Will Wright, the original creator of SimCity, is not at all impressed with the launch woes which plagued the most recent release, although he did have praise for the game itself.
“I feel bad for the team. I kind of did predict there’d be a big backlash about the DRM stuff,” the former Maxis leader told an audience at the University of California’s Santa Cruz campus, as reported by GamesIndustry.
“It was kind of like, ‘EA is the evil empire, there was a lot of ‘Let’s bash EA over it. That was basically inexcusable, that you charge somebody $60 for a game and they can’t play it. I can understand the outrage. If I was a consumer buying the game and that happened to me, I’d feel the same.”
Wright seemed concerned about always-on DRM in general, and more specifically, about whether it was right for SimCity.
“I think people care if it doesn’t work. If you can’t play it on planes, stuff like that – I think there are some very valid concerns about it,” he said.
“Also there’s a perception; I don’t expect to play World of Warcraft on the airplane, because my perception is it has to be on the net. Sim City was in this very uncomfortable space, like the uncanny valley, almost; [it was caught] between was it a single player game or was it a multiplayer game?”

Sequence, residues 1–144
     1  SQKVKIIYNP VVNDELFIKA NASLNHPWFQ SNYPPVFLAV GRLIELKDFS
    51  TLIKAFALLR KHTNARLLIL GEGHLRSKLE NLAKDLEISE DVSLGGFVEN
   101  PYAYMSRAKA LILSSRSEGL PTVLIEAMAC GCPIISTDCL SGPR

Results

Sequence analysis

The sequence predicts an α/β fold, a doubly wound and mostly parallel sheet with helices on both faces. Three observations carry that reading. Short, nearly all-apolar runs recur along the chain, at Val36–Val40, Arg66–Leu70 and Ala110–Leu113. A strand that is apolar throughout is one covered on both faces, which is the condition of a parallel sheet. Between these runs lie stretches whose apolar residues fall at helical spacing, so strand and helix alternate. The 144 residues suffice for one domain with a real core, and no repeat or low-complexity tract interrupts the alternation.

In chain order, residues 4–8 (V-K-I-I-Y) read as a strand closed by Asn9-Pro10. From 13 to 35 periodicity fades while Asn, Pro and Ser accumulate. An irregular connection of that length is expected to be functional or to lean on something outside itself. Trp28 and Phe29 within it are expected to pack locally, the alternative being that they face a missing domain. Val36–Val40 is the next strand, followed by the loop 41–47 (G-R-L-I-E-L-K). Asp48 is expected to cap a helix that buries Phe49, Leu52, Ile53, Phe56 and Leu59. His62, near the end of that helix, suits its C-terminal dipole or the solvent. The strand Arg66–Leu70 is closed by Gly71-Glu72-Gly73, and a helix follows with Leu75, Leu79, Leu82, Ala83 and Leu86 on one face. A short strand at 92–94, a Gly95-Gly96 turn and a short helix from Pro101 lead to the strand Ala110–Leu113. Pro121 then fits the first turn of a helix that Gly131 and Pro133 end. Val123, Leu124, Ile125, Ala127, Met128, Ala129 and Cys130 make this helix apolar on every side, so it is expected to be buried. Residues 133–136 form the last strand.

Returning to the question of whether EA deserved the kicking it got in the aftermath, Wright was diplomatic, pointing out that it’s a large company made of many divisions.
“It’s hard to talk about EA as this monolithic thing with one agenda. If you move back it’s like all these different studios going in slightly different directions; it’s almost more like a loose federation,” he said.
“It is going through a lot of restructuring right now, but I don’t even have the time to tune into it.”
The full article contains some interesting comments on Wright’s opinion regarding the industry’s present and future; do click through for the whole thing.
Wright founded Maxis in 1987, and it was acquired by EA in 1997. He left in 2003, and has two new teams called the Stupid Fun Club and Hive Mind, both of which seem to have been stymied by legal issues.
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